Singer, songwriter, guitarist, producer, band leader, activist, and Grammy nominee, Aaron Lee Tasjan has been and continues to be all of these things.
Over his past decade plus of writing, recording, producing, Tasjan has released four excellent and critically acclaimed solo albums, toured the world over on his own and as the guitarist in the New York Dolls. He co-founded and co-wrote all of the material for the band Semi Precious Weapons. In 2021 he was nominated for a Grammy for his writing on Yola’s “Diamond Studded Shoes” and most recently, Tasjan produced Mya Byrne’s album Rhinestone Tomboy (Kill Rock Stars Nashville) which helped to establish her as one of the first openly trans artists in Americana Music.
He’s cultivated a brilliant and outstanding career to date already. But his forthcoming album Stellar Evolution (Blue Élan Records) is just what the title says. Tasjan’s new album is truly the sum of all of the parts of his diverse accomplishments to date while clearly heading in a brand-new direction. You can’t put any labels on Stellar Evolution except for it being a career defining work and a major leap forward for someone who’s never been afraid to push the boundaries of any and all expectations.
Two of the album’s most striking songs lie back-to-back near its center. “I Love America Better Than You” is a scathing protest song which took Tasjan eight years to write — and ended up more relevant now than it had been when he started. “I love America better than you / Her dirty water and her hot dogs too,” goes the winking chorus; “First Black president, insurrectionists / I love America better than you.” Then there’s “Nightmare,” a deeply poignant track, which subverts its clubby beat in exploring the ever-present fear of becoming victim to a hate crime. “I want all my friends to know I love ‘em, just in case I should disappear,” Tasjan heartbreakingly sings on the bridge. It’s a document of exhaustion and terror which will ring true to most queer listeners; and it’s a song like this that makes the celebrations elsewhere on the record feel all the more vital.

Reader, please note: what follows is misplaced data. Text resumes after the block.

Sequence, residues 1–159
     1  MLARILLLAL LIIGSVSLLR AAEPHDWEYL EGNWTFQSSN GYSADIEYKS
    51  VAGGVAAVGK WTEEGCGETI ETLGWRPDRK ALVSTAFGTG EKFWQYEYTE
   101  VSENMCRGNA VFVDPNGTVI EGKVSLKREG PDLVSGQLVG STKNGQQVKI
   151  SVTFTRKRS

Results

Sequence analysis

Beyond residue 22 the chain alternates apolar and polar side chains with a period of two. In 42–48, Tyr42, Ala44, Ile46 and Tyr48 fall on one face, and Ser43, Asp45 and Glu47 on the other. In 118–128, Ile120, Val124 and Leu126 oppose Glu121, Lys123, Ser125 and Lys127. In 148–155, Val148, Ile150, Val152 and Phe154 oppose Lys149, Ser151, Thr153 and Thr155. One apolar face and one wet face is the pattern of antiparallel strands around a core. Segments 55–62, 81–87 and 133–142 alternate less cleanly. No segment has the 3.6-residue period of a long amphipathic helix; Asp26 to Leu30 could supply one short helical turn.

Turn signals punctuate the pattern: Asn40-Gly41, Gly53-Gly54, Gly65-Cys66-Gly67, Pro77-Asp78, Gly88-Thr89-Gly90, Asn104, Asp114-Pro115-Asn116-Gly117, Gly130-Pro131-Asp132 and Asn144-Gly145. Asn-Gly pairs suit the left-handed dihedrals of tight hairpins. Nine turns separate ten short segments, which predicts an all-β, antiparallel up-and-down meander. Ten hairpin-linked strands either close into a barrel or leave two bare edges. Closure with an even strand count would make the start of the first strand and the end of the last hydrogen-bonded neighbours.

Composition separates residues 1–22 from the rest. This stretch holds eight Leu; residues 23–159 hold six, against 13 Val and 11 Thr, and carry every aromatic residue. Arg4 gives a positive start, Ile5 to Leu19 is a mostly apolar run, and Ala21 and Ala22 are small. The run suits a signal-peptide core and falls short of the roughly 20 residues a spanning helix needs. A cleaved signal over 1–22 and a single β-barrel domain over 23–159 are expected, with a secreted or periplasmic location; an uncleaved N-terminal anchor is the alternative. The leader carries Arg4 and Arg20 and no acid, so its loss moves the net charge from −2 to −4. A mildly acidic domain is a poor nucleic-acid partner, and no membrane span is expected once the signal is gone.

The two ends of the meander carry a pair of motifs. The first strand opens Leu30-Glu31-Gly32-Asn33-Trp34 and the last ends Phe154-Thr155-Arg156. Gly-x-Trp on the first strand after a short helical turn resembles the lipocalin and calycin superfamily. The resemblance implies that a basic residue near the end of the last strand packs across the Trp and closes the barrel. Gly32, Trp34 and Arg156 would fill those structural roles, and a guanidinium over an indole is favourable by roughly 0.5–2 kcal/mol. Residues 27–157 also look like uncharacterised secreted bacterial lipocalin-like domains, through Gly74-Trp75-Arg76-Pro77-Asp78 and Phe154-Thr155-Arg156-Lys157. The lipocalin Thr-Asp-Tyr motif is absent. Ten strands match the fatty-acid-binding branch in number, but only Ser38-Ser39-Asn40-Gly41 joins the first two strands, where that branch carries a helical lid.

There’s not a wasted word on Stellar Evolution, and that’s deliberate. After everything he’s been through and everything he’s learned, Aaron Lee Tasjan is a more intentional artist than ever before. “When you’re a touring artist, songs are like mantras; you have to say them every night. And so I really wanted those words to be affirming, and for the energy that’s gonna come out of them to create more of what I hope to foster,” he says. It’s another grasp towards the community and connection that matters most to Tasjan. “The role I feel like I can occupy is to say, okay, I’m gonna be in these rooms where people are gonna be paying attention, and somebody’s gonna get lifted up; who’s it gonna be?” That’s an attitude that harkens right back to the 11-year-old Aaron Lee in Orange County, a throughline that Tasjan never loses sight of for a minute across this album. With Stellar Evolution, he honors that kid and every other version of himself — past, present and future.